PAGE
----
Or, in shorter form:

Just as the anti-communism Christian should probably avoid the role of communist dictator or violent proletariat rebel, the anti-capitalism Christian should probably avoid the role of capitalist.

My guess is that most of these Christians are actually at peace with the capitalistic system as it plays out in their own personal lives, and I would wager that the disconnect has more to do with Read the rest of this entry »

, , , , , , , , , , , ,

8 Comments

It Takes a Civilization: Trade, Talents, and Toasters

Thomas Thwaites recently gave a marvelous talk at TED about his quest to build an electric toaster entirely from scratch.

The idea was sparked by an instance in The Hitchhiker’s Guide to the Galaxy in which the protagonist comes to a new planet only to realize that his knowledge and technological prowess are useless without the advanced civilization to back it. As Thwaites summarizes: “He realizes that without the rest of human society he can barely make a sandwich, let alone a toaster.”

Thwaites’ response: “But he didn’t have Wikipedia.”

Watch the video here:

The basic message of the talk, as interpreted by economist Donald Boudreaux, is that “through trade, millions tap into the talents and knowledge of others.”

It is a simple message, and you’ve most likely heard it before (my personal favorite is Milton Friedman’s pencil example). Such a message is only worth repeating because so many people still fail to see the fundamental value in free trade and globalization.

The only thing I want to add is Read the rest of this entry »

, , , , , , , , , ,

7 Comments

Meltdown: Moral Hazard and the Financial Crisis

Meltdown by Thomas E. Woods, Jr.We are all aware of the current economic crisis. Whether we’ve experienced job loss, a devalued mortgage, or simply a higher price tag on our groceries, we all know that uncertainty is in the air.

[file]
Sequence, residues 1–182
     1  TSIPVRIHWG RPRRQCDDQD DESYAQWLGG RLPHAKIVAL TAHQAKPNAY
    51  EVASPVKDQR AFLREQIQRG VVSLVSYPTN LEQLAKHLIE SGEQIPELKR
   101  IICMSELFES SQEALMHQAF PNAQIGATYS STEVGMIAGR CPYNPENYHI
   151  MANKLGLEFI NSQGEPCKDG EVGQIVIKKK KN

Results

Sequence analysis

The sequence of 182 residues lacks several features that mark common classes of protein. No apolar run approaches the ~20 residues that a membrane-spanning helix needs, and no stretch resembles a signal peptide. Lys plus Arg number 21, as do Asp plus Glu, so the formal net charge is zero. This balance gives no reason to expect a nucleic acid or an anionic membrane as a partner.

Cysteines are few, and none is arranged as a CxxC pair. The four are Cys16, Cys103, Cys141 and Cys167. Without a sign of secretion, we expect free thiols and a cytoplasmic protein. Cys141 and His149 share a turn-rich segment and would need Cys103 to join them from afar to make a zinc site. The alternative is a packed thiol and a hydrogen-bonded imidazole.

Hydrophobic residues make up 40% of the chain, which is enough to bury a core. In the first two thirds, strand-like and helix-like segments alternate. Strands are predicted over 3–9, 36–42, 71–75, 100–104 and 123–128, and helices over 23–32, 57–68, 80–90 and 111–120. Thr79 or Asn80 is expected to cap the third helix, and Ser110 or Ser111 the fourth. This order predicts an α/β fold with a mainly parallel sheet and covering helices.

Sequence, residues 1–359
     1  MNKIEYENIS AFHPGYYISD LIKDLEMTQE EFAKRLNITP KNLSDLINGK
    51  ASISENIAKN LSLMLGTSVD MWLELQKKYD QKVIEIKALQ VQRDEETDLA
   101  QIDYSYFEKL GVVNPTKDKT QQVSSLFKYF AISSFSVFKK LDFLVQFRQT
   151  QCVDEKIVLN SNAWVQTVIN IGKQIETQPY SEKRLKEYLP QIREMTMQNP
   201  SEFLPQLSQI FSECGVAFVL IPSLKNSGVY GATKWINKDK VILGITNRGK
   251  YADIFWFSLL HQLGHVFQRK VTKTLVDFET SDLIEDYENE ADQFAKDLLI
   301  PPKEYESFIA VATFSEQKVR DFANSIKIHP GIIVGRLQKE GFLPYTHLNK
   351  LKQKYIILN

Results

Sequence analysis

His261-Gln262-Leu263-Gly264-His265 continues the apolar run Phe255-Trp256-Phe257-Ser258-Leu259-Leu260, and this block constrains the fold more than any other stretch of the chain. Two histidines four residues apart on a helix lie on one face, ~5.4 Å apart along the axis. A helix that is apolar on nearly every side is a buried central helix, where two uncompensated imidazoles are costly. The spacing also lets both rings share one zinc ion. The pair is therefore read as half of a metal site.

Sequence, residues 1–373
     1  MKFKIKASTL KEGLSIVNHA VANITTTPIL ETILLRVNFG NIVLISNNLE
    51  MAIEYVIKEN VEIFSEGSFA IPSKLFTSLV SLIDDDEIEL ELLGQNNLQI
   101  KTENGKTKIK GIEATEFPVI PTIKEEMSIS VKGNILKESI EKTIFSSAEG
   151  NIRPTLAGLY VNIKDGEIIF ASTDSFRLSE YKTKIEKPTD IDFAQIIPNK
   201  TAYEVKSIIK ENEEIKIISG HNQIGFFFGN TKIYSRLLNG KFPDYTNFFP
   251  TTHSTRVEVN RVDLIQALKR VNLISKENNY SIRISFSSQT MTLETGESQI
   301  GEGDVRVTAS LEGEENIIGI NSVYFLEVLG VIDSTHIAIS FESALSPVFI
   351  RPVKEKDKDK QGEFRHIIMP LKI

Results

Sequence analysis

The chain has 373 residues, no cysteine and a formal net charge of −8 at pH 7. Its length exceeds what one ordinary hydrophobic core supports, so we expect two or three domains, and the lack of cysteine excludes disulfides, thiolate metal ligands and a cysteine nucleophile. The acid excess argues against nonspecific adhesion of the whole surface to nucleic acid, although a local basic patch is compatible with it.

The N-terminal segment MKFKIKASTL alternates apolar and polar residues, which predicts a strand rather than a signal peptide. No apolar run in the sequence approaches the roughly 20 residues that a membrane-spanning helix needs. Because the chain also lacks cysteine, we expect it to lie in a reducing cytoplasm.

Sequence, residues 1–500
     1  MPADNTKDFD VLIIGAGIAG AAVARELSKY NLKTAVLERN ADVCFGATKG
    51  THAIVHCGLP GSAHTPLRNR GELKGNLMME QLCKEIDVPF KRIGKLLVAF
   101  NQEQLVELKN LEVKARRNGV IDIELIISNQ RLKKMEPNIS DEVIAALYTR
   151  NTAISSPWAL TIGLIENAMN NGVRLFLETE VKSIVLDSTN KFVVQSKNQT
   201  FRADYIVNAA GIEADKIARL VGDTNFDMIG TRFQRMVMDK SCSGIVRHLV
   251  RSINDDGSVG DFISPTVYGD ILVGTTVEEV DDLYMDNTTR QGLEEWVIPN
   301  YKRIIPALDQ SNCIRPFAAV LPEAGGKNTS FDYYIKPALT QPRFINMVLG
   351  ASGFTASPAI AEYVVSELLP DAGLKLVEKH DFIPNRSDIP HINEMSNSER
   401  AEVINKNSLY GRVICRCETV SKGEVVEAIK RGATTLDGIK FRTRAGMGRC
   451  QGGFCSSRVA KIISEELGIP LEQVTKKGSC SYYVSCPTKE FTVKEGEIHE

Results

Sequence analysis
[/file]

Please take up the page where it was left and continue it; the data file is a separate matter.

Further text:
In such extreme circumstances, it’s hard to maintain a clear perception. We all feel wronged, and we all want someone to blame.

It may be fitting, then, to begin by playing a little blame game.

First of all, it’s the bankers’ fault because they’re greedy. They lent too much money to people who made too little, and they should’ve been stopped. Then again, maybe it’s their customers’ fault. After all, isn’t it a bit greedy to buy a house you can’t afford? But wait a minute, aren’t the financial speculators to blame? Just think about it. There they were, crouching like vultures, waiting to feed on the failures of poor innocents.

Conclusion? (Duh!)

“The problem is greed.” says Politician A (or Media Pundit B). “And we all know who we can thank for that. Capitalism!

It this confused, muddled mess that Thomas E. Woods hopes to permeate with his recent book, Meltdown: A Free-Market Look at Why the Stock Market Collapsed, the Economy Tanked, and Government Bailouts Will Make Things Worse (quite a laborious subtitle, if you ask me).

As far as my fun little game goes, Woods thinks there is plenty of truth behind it. Indeed, the narrative is filled with people who were overly hasty, downright foolish, and yes, excessively greedy.

But not all bankers loaned unwisely and not all homeowners went beyond their means, so why did such greed manifest so suddenly, and why didn’t we have this problem before? If bankers are Read the rest of this entry »

, , , , , , , , , , , , , , , , , ,

3 Comments

Up from Feudalism: Cultivating Culture in the Status-Free Zone

Feudalism

When status competition was limited, people were more likely to turn to status-free zones.

Michael Knox Beran has a hearty piece in this month’s National Review discussing the cultural implications of status competition (“Status Hiatus”). In the article, Beran discusses the evolution of such competition throughout human history, focusing primarily on the West.

Beran explains that in the feudalistic societies of old, status was organized through “state-enforced hierarchies” of one kind or another, whereas in today’s free(r) societies there is a great deal of status competition.

However, despite the advances we’ve made in making status mobility more universal, Beran sees a fundamental problem that will always exist:

The difficulty is that every tremor of satisfaction we feel when we look down (upon those who are lower than we are in a particular hierarchy) is counterbalanced by the pain we feel when we look up (to those who are higher). The farther one climbs, the more vexing the problem becomes.

There are two basic approaches to “managing” status, both of which present their own problems. First, we can make status primarily about merit (which we have done in America), but by doing so we will risk the marginalization of society’s lower-skilled members. Second, we can try to destroy all hierarchies by force (via government “equalization”), but this route will surely lead us backwards toward feudalistic containment (not to mention the resulting miseries).